riding ‘enduro rockets’? After all, we are

out to enjoy the countryside - this should be

a tour, not a race.

And if you want to ride fast, if you want to

ride ‘challenging’ terrain then ask yourself,

is the green road the place to do this?

If you ride green roads consistently faster

than 20-30mph then man-up and give rally

or enduro a go!

T RF Feature



ing membership and sense of mobilisation you could

argue it’s the right strategy at the right time. With

Costa-Sa’s direction the TRF is now marketing itself,

not just to new members, not just the industry, but to

wider society, including the politicos. And in no uncertain


Costa-Sa: “My rights of way officer here in Herts

group, Steve Mann, a brilliant guy - and like me he’s

new to the TRF - he nailed it when he said the TRF’s

previous strategy in this area had been going around

almost apologising for our presence. And of course

we’ve ended up with a logo and a brand that is kind of

designed to be less offensive to the people against us,

rather than proactive about our position and what we

do. That doesn’t make sense to me.

Green Roads

not Green Lanes

Even how we describe our environment

is important. For years we’ve called our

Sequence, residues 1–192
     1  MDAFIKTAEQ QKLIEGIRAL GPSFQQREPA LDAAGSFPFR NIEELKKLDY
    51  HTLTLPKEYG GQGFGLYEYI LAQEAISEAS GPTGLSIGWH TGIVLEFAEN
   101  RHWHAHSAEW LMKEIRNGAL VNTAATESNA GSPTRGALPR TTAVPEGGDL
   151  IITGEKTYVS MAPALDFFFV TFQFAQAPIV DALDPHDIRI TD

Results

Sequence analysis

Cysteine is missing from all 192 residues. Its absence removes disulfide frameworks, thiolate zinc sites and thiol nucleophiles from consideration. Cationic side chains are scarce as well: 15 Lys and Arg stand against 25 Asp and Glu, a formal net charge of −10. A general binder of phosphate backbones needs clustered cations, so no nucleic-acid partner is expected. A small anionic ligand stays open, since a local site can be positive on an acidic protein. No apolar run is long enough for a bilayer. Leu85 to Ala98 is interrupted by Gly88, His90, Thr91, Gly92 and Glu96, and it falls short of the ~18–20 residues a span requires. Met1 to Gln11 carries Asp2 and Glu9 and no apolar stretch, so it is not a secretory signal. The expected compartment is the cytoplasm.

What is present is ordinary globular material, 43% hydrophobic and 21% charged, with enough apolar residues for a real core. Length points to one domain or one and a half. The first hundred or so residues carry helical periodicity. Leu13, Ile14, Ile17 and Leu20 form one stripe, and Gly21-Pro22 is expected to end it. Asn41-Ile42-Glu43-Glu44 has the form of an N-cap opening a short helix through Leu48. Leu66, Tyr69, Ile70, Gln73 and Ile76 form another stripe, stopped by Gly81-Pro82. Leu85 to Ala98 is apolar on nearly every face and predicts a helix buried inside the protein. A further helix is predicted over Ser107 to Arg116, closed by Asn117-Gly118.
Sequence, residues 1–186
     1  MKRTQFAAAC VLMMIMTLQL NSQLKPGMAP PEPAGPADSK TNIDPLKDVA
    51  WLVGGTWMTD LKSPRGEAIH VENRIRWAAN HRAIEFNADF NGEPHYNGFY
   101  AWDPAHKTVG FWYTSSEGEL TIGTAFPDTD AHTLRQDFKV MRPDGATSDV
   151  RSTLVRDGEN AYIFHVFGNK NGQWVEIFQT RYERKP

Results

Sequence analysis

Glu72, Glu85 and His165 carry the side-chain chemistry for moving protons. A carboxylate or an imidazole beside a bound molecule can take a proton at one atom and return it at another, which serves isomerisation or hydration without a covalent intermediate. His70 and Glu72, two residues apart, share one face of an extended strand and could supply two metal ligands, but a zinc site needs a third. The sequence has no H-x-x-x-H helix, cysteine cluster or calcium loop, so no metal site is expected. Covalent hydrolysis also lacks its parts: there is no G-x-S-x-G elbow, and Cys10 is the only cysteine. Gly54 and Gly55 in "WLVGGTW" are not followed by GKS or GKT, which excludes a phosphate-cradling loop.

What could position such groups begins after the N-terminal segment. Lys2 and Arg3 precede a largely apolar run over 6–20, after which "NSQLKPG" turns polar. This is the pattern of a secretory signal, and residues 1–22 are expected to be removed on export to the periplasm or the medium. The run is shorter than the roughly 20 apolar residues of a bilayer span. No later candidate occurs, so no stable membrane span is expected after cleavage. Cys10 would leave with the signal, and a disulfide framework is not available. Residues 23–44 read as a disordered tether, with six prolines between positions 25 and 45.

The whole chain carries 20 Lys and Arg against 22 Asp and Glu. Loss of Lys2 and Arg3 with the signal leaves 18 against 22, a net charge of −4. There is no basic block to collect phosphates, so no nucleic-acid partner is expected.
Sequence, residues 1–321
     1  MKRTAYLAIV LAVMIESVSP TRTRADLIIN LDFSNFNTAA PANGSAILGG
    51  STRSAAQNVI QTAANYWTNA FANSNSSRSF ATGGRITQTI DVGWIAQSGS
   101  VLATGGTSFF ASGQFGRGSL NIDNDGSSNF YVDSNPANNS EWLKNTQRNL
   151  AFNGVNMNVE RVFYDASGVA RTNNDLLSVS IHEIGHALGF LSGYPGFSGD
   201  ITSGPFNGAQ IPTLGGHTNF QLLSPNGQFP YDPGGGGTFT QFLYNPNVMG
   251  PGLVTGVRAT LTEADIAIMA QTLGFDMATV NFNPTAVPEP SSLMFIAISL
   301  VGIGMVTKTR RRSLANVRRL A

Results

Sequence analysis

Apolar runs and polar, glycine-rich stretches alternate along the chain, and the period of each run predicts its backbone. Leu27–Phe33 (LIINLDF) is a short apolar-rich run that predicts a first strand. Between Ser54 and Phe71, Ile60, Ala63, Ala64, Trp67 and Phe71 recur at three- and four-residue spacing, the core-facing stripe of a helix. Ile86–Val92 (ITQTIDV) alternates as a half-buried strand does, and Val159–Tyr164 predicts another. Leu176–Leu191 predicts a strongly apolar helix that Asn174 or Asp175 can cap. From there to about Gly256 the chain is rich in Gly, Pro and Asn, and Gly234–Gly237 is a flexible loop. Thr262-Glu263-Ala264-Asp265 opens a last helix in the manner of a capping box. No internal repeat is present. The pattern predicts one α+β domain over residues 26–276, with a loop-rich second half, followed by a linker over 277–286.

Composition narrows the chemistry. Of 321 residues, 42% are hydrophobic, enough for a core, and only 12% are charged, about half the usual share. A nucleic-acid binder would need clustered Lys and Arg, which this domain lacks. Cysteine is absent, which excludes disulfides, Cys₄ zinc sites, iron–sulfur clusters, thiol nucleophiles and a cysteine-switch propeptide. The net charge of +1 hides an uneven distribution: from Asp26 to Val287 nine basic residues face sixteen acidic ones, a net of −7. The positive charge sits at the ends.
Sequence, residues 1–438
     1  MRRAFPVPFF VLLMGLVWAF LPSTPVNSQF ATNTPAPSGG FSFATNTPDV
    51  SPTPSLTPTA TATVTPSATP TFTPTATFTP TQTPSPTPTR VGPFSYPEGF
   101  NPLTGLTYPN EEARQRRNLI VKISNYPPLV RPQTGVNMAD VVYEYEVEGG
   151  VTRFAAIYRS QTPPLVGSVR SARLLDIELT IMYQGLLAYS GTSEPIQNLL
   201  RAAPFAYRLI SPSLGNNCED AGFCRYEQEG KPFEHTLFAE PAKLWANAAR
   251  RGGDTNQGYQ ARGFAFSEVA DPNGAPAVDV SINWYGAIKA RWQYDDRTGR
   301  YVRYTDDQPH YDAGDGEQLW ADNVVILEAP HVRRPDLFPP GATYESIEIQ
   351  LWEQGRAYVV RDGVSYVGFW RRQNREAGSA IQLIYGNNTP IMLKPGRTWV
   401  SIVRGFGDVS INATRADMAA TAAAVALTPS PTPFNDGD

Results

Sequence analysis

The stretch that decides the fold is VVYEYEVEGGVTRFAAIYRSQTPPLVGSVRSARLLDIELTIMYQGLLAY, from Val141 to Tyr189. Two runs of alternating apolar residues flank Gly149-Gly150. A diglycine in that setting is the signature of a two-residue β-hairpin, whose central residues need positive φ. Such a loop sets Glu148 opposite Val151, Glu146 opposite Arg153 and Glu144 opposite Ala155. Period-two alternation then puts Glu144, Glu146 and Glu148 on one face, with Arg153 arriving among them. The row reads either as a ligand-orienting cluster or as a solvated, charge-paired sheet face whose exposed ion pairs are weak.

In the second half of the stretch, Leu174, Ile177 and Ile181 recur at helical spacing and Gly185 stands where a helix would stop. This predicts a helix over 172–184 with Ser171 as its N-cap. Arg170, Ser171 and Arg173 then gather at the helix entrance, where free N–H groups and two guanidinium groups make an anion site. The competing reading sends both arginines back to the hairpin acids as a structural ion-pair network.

recreation ‘green laning’ but this - so the

TRFs research has shown - undermines

our rights. John Vanuffell is the TRF’s

Technical Director and National Road

Conservation Officer and he says we

should be calling byways ‘green roads’.

“Why are we starting to use the term

‘Green Roads’? Technically, a ‘lane’ is a

minor road that connects two major roads.

When we look at our network we discover

that some of the routes that we use are in

fact major roads. We use the term Green

Roads in preference to lanes so that it

encompasses all the routes that we enjoy.

Road is also associated with something

that was engineered to accommodate

vehicular traffic.”

Hence the recent online campaign by

the TRF that: ‘Not all roads are black’.

Nothing’s changed, but you can see

how nomenclature alters perception.

T RF Feature

“And this is possibly one of the areas

where I’ll come into conflict with more traditional

members of the TRF. I’ve wanted to